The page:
Could natural capital valuation help tackle global deforestation?

23 Nov 21

Could natural capital accounting measures encourage more forest-friendly farming practices and help reduce global deforestation? Maurice Bryson, sustainable finance analyst at S&P Global Ratings explores the question.

Both policymakers and investors are becoming increasingly aware of the issues surrounding the destruction of nature, with biodiversity loss now an important part of the sustainability agenda.

Yet, while acknowledging the implications of this phenomenon is an important step, finding efficient solutions to mitigate the current crisis is far from straightforward.

Accounting for nature in the assessment of wealth is one potential solution.

Indeed, assessing the services that intact nature provides (otherwise known as ecosystem services) and then ascribing a value to these, could offer a more comprehensive assessment of the total economic cost of production and better represent the effects of both positive and negative externalities on a company’s profits or a country’s overall wellbeing.

The hypothetical cost of nature loss: Brazilian beef production

In practice, putting a price on nature could incentivise its protection.

The Brazilian Amazon, for instance, plays an integral role in regulating the world’s climate, yet deforestation has seen parts of the Amazon now become a carbon emitter rather than a sink.

A key driver of this issue is beef, with 80% of deforestation in the country estimated to be linked to the expansion of pasture.

Using data provided by the Ecosystems Services Valuation Database, S&P calculates that the hypothetical cost of nature loss for beef produced in the Brazilian Amazon in 2020 was around $4bn.

Applying this hypothetical cost to the total revenue of cattle processing in Brazil suggests that, had the price of nature loss been incorporated into the cost of production, it would have represented around 12% of these companies’ revenues in 2020.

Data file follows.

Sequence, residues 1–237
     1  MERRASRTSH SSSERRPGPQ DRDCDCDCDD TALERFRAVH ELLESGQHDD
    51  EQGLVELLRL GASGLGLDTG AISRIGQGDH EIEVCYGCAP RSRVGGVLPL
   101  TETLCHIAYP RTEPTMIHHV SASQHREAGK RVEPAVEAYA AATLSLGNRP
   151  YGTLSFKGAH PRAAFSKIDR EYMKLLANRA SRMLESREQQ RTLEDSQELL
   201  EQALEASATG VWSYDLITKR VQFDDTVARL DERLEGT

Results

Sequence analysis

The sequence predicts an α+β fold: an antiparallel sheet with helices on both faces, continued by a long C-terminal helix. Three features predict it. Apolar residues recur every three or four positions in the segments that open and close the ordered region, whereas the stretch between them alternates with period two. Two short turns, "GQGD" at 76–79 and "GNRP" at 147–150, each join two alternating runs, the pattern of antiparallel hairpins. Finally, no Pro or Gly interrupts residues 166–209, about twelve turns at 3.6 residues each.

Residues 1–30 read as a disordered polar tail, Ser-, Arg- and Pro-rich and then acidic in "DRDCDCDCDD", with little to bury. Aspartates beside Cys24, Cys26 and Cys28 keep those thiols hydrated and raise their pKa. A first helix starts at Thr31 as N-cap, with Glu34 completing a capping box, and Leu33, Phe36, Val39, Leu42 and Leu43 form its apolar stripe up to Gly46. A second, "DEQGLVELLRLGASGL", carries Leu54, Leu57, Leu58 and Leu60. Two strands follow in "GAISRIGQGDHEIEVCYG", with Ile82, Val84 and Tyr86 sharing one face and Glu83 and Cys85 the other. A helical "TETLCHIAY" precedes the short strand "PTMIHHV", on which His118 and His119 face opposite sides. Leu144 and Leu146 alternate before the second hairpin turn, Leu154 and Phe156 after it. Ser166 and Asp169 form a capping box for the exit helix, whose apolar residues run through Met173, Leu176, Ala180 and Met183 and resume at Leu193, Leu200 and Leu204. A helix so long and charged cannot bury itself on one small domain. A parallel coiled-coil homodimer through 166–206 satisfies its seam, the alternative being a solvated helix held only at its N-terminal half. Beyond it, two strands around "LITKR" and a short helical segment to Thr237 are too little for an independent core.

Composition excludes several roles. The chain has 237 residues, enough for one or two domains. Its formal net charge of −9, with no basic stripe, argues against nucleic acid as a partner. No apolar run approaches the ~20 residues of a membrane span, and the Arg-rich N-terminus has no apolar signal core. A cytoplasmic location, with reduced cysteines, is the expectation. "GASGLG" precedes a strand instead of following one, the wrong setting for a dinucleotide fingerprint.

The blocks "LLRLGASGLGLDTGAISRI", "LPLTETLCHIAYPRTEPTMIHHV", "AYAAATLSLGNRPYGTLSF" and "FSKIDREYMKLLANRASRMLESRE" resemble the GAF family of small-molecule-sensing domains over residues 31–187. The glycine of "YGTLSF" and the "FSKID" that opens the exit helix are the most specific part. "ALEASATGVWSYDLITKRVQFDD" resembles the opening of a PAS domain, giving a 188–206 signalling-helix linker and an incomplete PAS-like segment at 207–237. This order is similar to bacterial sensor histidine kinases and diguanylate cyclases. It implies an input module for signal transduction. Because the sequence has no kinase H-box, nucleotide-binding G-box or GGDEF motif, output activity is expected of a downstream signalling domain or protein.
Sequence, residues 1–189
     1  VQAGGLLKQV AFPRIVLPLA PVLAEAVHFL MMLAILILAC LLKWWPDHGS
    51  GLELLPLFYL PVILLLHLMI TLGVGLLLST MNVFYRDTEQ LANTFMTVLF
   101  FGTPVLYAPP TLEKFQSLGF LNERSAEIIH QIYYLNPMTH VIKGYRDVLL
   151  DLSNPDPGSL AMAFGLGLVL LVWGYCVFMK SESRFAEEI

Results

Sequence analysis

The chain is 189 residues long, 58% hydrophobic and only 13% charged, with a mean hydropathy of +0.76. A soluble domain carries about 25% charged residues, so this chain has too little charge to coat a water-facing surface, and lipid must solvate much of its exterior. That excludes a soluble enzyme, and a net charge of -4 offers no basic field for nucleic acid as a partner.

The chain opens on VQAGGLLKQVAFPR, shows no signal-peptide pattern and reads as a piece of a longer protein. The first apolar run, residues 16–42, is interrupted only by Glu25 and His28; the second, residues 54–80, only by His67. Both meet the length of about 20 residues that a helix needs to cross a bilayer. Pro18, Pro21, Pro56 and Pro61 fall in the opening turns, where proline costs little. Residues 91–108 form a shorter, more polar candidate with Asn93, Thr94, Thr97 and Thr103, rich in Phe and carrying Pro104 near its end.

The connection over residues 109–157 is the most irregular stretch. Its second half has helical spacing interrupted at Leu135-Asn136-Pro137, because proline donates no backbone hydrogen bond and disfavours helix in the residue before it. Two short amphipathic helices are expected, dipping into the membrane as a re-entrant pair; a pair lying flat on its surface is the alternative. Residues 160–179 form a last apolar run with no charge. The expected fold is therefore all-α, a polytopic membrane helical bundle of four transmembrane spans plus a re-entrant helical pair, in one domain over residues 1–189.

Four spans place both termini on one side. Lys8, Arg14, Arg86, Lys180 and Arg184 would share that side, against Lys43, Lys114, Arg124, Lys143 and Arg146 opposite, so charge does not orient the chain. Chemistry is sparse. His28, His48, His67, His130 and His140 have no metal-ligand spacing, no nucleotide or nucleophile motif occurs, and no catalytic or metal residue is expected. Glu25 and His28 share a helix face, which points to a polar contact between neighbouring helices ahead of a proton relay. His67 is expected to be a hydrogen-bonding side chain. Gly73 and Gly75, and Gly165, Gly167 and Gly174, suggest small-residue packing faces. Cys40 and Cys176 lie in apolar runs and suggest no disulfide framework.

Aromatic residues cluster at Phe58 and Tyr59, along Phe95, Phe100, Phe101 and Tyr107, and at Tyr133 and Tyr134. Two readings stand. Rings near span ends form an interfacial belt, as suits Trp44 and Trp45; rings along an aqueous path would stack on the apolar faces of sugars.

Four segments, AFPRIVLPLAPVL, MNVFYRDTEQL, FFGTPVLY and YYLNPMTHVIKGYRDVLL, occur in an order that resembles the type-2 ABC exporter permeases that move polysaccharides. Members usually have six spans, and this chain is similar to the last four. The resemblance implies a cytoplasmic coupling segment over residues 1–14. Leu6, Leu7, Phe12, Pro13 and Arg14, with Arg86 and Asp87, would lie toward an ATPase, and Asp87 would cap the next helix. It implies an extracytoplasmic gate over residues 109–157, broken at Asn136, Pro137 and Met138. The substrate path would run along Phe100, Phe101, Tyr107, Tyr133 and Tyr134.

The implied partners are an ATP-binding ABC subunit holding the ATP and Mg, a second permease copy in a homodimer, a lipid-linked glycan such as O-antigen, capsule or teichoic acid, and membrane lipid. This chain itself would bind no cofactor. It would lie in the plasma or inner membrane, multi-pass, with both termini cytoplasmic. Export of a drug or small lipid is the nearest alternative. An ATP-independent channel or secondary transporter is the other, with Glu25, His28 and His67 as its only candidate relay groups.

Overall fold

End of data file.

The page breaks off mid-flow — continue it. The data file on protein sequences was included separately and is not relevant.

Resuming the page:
In other words, for every $100 sale of beef-related products in Brazil there is potentially an additional unpriced cost of $12.

Of course, current financial accounting standards do not recognise this as an expense and as such, it is not being factored into the price of products.

Should this change, we could see a reduction in consumer demand for beef and, in turn, less deforestation pressure in the Amazon.

In addition, payments for ecosystem services could encourage more forest-friendly farming practices, such as better maintenance of the rainforest.

Recognising the value of nature

From a macroeconomic standpoint, putting a price on nature through ecosystem accounting can make us more aware of our use of, and impact on, nature in the production process.

However, the science behind ecosystem services currently falls short.

Indeed, even when datasets are robust, issues of comparability and heterogeneity can limit their utility.

What is more, supply chains in Brazil are fragmented, with smallholder farmers breeding animals before selling them onto larger farmers who then sell directly to beef processors, making it difficult to trace and track the source of cattle.

Indeed, the indirect supply chain is thought to be up to five times larger than the direct supply chain and the part of the supply chain where deforestation is most likely to occur.

Nonetheless, frameworks, such as the Taskforce for Nature-related Financial Disclosures, are being developed to enable investors to more precisely appraise their exposure to nature-related risks, and other initiatives, such as the UN System of Environmental Economic Accounting, are encouraging the incorporation of natural capital accounting into national accounting systems.

Moving forward, further enhancements to natural capital accounting, such as detailed assessments of deforestation rates and comprehensive ecosystem services valuations, may also provide better visibility into an entity’s exposure to nature loss.

  • Maurice Bryson
    Maurice Bryson

    Analyst in the sustainable finance team at S&P Global Ratings, based in Dublin, Ireland

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